I am a Genetic Counselor at Meharry Medical College where I provide genetic counseling to individuals about hemoglobinopathies (Sickle cell disease) and prenatal diagnosis. Before joining Meharry, I was with the University of Pennsylvania Center for Bioethics where I served as a Project Director and Researcher for a NIH funded grant entitled Understanding Difference: Genetics and Social Identity.
Do you feel that the entire nation understands the depth of this disaster?
Unfortunately no. Most people relate to the images they see on television and on the internet. These images of biological destruction are only a fraction of the affects that the oil spill has had on the Gulf. What the images don’t show are the personal struggles of the housekeeper, waiter, or store clerk that have lost their job because of the lack of tourists coming to the area. Pictures cannot capture the long-term physical and mental health issues that clean-up workers and others will live with. Most importantly, the pictures cannot tell the story of municipalities that depend on tourism for their tax base. The tourism tax base helps fund schools, hospitals, and infrastructure. The oil spill is not only about the physical effects of the biological environment. It is about sustaining those communities most affected. Without education, healthcare, and economic opportunity, our communities will suffer.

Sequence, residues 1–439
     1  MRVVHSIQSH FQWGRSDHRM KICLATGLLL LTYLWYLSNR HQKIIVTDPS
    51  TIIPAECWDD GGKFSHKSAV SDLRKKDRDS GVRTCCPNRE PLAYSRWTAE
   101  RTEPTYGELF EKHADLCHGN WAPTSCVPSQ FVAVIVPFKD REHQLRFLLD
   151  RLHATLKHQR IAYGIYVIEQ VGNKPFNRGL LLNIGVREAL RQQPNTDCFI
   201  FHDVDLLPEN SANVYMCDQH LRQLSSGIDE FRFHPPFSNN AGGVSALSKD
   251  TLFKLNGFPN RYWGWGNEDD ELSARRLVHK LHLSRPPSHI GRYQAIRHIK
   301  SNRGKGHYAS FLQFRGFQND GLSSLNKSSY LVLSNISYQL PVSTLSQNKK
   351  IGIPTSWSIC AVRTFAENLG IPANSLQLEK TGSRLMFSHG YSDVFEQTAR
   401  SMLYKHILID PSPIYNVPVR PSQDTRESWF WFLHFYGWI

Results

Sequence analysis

What do you feel the next steps are in the recovery process?
Listen from zero. So many times the experts rush in after a disaster with all of the solutions. The next steps of the recovery process are to listen to the people. Because of our organization’s grass-roots structure and experience, The NAACP is an example of an organization that can assist in the Gulf Coast recovery process. In concert with voter empowerment and advocacy efforts that we have in place, we can serve as a formal repository of personal stories of those that are living through the disaster. From there we can work with the local Gulf Coast communities to ensure that we help identify solutions that are specific to their needs.
How can people help? What can they do stay informed on the issues?